a change of paradigm”, according to the definition in Webster's dictionary.
So, you want to be healthier in 2014, or perhaps you have an important weight loss goal? What change do you need to make in your attitude? Perhaps it’s believing in yourself; being willing to change your current way of living; or, beginning to focus on the positives. I often ask clients who desire to lose weight how they would do things different right now if they were at the weight they desired. Consistently, individuals tell me that they would likely plan their meals, go to the grocery store, have different foods in their house, prepare meals, and exercise more. My response is that you CAN do all this now. So often, I hear that someone believes they need to lose the weight before they can really make these changes. What if you could challenge the negative thoughts that you “can’t do it”, and imagined that you can be that “healthy person” now?
Practicing to identify the positive things you can do really can make a difference. Also, consider
getting support from a nutritionist or in a group to help you get started with making nutrition and lifestyle changes that fit your individual needs. Being confident in yourself, rather than a weight loss product or scheme, is ultimately the health change that is revolutionary.
Dairy foods such as low-fat or fat-free milk, cheese, yogurt and whey are convenient and cost-effective ways to power up with protein throughout the day. Dairy is one of the most economical sources of nutrition. Regardless of the type or variety of dairy product you choose – protein will be present.
Protein is essential in the diet on a daily basis because it is needed for growth and maintenance of muscle. Dairy’s whey protein has a natural taste and complements the flavor of the food it is added to. Whey protein is one of the best sources of naturally-occurring branched-chain amino acids, including leucine, which is unique in its ability to initiate muscle protein synthesis.
Top 5 benefits of adding whey protein to your diet:
1) Helps you maintain a healthy weight. Dairy foods that naturally contain whey protein help maintain lean tissue that burns more calories.
2) Calorie for calorie, whey protein helps you feel full longer than carbohydrates or fat.
As a result, you may reduce the extra snacking that is causing excess intake and weight gain.
3) Whey protein helps you get lean. Consuming dairy foods (such as milk, cheese, yogurt and whey protein) in combination with resistance exercise helps to restore a positive protein balance (more protein synthesis than protein breakdown) which is needed for muscle gain to occur.
4) Whey protein helps with exercise recovery. Whey protein provides the specific amino acids necessary for muscle repair and recovery after resistance training or vigorous exercise. Milk,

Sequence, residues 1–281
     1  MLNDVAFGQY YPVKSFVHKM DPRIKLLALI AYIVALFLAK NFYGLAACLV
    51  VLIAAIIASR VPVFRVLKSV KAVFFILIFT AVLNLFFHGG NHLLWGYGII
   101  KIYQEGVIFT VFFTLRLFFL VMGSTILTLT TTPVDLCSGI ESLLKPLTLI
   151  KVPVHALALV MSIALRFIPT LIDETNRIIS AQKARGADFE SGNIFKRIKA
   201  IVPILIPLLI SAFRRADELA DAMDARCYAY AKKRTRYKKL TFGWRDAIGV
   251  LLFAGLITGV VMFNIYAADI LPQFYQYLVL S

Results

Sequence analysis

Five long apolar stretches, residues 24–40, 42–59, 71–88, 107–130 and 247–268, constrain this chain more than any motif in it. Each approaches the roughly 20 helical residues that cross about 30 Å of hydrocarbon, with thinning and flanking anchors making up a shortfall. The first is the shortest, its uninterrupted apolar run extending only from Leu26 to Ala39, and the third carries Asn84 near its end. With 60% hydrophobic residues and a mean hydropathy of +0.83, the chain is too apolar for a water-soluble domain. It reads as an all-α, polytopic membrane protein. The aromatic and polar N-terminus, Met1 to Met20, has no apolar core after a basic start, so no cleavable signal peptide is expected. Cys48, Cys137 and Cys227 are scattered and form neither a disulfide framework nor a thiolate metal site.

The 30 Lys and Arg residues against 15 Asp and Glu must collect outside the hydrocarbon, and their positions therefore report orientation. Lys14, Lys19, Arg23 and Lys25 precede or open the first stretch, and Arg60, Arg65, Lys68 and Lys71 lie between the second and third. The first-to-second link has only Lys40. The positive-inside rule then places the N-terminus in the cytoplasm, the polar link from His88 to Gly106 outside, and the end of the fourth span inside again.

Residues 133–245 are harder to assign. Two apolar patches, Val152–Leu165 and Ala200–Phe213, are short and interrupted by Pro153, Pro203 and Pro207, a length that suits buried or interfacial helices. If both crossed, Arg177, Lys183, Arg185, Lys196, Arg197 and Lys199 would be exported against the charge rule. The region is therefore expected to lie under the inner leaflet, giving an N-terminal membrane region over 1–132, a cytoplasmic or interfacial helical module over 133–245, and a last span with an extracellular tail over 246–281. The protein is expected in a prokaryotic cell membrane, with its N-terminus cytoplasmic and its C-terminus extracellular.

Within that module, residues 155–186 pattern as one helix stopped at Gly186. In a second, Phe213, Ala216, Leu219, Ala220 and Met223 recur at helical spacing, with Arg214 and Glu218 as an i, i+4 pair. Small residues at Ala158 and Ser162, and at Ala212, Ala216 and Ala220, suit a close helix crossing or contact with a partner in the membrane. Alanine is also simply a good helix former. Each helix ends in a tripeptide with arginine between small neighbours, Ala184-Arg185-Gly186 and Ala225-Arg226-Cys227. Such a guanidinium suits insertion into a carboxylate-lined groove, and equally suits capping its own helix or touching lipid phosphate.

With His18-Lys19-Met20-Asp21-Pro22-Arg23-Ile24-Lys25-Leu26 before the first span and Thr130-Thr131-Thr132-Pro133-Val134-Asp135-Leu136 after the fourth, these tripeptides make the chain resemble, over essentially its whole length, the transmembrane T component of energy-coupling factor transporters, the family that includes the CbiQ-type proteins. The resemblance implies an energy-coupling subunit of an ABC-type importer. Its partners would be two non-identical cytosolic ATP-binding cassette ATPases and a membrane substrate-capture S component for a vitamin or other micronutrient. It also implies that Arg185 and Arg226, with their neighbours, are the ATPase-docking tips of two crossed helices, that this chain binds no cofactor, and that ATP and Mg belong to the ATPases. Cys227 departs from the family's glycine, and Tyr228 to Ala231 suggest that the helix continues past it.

especially chocolate milk (because of its unique protein to carbohydrate ratio) has been shown to be an effective recovery drink for endurance activities.
5) Whey protein helps reduce loss of muscle mass. As early as age 40, we can lose muscle
mass if we don’t consume high quality protein along with adequate activity. Moderately increasing high qaulity protein consumption at each meal may help older adults retain muscle mass and thus help decrease weight gain as we age.
“…I know I should drink more milk, but I can’t. I am lactose intolerant…; It causes weight gain…; Humans weren’t meant to consume dairy…”
These and other objections are common reasons I have heard from my clients explaining why they do not consume dairy foods. Some of the information about dairy foods is frankly not been proven and is often misleading and/or inaccurate. Perhaps you have stopped consuming dairy products because of these type of fears, and would like more infomation on how you can begin to include a variety of dairy foods in your meals, Research has shown that even for someone who complains of severe lactose intolerance symptoms, they can almost always be brought up to the point of consuming three full glasses of milk per day without symptoms. The Creighton University Osteoporosis Research Center provides extensive replicable research on the health benefits of adding dairy-containing foods in your diet.
For example, the following link provides more information on lactose intolerance, and the evolution of humans consuming diary foods:
If you would like a program to help you include high quality protein foods, including dairy products, at each meal, working with a registered dietitian nutritionist can help you ensure you are meeting your needs and achieving your health goals.
Layman DK. The role of leucine in weight loss diets and glucose homeostasis [Review]. Journal of
Nutrition 2003; 133:261S-267S.